After surviving an attack from a large lupine creature on the Yorkshire moors, Jewish American David Kessler (David Naughton) lands in a London hospital. Consulting his chart, one of the nurses claims to know his religious affiliation, having “looked” at more than just his papers. Her co-worker, Alex (Jenny Agutter) says – without ever uttering the word “circumcision” – that “it” is “common practice nowadays.” While Alex claims that her colleague’s sheet-peeking behavior was not “proper,” she’s soon offering David a full body exam for non-medical purposes.
3. Annie Hall (1977) – The WASP gaze of Grammy Hall
Perceiving himself through the eyes of his upper crust WASP hosts, Alvy Singer (Woody Allen) morphs into a Hasid, sporting a long coat, broad-brimmed hat and payot. It is Easter dinner, ham is on the menu and antisemitism is never far from the surface. Grammy Hall eyes their Jewish guest with unabashed distaste. The family is sedate and refined, talking about boating and “swap meets” (flea markets). Breaking the fourth wall, Alvy addresses the audience, noting “they are nothing like my family, you know.” In a split screen we see the Singer family at a dinner table, all crowded up against one another, pushing, shoving, reaching for the food, speaking at once, interrupting, arguing. It’s an extraordinary snippet of affection coupled with self-loathing. (SH)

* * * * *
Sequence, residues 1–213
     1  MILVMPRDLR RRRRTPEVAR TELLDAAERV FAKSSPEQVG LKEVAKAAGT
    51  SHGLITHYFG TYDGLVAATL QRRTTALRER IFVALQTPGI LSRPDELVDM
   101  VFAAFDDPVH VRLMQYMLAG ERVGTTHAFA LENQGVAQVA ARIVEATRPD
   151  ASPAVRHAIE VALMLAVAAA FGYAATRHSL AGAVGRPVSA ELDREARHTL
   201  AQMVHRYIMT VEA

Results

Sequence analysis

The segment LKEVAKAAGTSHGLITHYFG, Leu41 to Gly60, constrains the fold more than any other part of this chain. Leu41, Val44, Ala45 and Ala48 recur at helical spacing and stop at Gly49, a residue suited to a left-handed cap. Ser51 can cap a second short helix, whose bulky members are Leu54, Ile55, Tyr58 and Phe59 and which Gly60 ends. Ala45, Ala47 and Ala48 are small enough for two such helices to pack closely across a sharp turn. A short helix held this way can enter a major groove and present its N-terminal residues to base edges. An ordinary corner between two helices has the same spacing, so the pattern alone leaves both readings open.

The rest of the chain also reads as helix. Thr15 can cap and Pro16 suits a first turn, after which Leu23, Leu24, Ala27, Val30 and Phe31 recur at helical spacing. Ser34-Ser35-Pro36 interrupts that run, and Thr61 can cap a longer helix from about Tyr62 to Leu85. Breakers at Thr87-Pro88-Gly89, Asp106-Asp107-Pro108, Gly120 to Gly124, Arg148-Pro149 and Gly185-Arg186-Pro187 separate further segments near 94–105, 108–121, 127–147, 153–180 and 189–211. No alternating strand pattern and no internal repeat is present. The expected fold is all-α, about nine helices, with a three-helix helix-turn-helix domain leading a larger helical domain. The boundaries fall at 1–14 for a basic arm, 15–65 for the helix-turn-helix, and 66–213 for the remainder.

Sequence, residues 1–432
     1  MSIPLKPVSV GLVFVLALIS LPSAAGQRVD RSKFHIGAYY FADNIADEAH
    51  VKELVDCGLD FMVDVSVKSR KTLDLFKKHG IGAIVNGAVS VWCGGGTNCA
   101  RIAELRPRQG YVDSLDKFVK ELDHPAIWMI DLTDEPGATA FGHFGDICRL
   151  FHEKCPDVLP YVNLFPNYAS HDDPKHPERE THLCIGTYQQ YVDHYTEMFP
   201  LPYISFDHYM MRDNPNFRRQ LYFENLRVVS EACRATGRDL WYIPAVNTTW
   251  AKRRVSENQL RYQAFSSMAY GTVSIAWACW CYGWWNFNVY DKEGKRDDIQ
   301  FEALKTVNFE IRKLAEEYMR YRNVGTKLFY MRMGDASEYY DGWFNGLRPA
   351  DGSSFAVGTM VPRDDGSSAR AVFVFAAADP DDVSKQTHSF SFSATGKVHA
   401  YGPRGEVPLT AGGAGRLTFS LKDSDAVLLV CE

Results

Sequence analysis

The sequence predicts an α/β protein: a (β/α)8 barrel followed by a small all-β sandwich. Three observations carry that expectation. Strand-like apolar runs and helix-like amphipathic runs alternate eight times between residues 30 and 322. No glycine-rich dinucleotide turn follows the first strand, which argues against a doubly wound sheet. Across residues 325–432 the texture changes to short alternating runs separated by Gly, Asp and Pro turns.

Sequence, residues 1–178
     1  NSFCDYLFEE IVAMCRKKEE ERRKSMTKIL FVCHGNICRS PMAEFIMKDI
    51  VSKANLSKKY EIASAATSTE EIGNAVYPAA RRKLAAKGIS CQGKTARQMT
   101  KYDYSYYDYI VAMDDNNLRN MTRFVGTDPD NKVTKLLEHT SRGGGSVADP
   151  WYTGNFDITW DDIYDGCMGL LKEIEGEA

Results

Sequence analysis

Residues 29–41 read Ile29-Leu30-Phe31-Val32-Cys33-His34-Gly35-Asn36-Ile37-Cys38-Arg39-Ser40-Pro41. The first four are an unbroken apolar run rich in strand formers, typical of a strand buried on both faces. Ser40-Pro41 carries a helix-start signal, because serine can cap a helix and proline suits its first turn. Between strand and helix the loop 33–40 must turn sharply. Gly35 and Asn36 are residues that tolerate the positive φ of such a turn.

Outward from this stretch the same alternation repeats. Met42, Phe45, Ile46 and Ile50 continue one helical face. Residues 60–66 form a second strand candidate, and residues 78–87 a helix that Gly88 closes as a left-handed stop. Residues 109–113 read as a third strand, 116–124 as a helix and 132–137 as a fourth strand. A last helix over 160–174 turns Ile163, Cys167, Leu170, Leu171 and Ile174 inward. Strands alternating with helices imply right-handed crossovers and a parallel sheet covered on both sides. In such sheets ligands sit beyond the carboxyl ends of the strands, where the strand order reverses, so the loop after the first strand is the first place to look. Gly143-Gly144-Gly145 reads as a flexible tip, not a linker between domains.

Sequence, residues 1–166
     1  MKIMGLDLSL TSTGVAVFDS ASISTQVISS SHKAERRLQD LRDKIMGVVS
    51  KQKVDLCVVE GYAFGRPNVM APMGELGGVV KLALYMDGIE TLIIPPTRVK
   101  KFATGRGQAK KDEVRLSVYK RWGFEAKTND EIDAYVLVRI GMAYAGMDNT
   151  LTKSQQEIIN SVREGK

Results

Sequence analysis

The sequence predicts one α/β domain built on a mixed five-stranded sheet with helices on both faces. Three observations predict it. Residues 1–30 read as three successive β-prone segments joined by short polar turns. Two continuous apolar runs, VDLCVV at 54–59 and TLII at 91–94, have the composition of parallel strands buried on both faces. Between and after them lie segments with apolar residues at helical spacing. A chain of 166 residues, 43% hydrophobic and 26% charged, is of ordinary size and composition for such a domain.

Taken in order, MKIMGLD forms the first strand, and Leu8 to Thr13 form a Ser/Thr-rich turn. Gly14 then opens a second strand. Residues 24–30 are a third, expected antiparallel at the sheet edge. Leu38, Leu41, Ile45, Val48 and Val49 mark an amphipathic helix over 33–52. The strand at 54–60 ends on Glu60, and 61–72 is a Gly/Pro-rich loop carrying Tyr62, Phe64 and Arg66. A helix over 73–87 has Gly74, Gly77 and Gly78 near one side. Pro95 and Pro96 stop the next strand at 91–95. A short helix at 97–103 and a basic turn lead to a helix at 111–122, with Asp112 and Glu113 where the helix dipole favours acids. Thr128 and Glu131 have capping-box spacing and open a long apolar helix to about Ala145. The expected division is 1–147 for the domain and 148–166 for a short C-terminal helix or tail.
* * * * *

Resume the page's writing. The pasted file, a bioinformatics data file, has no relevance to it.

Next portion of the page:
4. An Appeal to the Jews of the World (1941) – Jewish soap
Shloime Mikhoels and Yiddish poet Itzik Feffer, who spearheaded the Jewish Anti-Fascist League in 1941, star in this short film made in collaboration with Sergei Eisentein. Made to rouse the awareness of world Jewry, it does not fail when it comes to shock value. In an indelible moment, Mikhoels, speaking directly into the camera, makes the sensational — and since disproven — assertion that soap is being made from murdered Jews. (HS)
5. The Apprenticeship of Duddy Kravitz (1974) – “Happy Bar Mitzvah, Bernie”
At the film’s exact midpoint, hustling protagonist Duddy (Richard Dreyfuss) screens a pretentious art film, “Happy Bar Mitzvah, Bernie,” co-produced with a scrap-metal yard. It kicks off with Beethoven’s Fifth and unnecessarily baroque shots showing details of the shul as the bar mitzvah boy makes his way to the bimah and a narrator portentously explains that this rite is “older than the banks of the Nile.” Somehow we pivot from Bernie – a “Hebrew babe” – kissing the Torah mantle and reading his portion to flashbacks to his bris juxtaposed alongside goose-stepping Nazis, a Native American tribal dance and a man eating razor blades. A zayde faints. But as if daring the viewers to dispute this film’s merit, the short ends with the rabbi explaining the long history of Jewish genocides. In a remarkably subversive nod to the commoditization of both this sacred initiation and tragic memory, the rabbi then signs a copy of his book, “Why I’m Glad to Be a Jew,” and hands it to Bernie as a gift. When the film fades to black on a faux cantorial prayer, we hear stony silence. But then, a round of applause. Who would boo a film that ends with an invocation of the Shoah?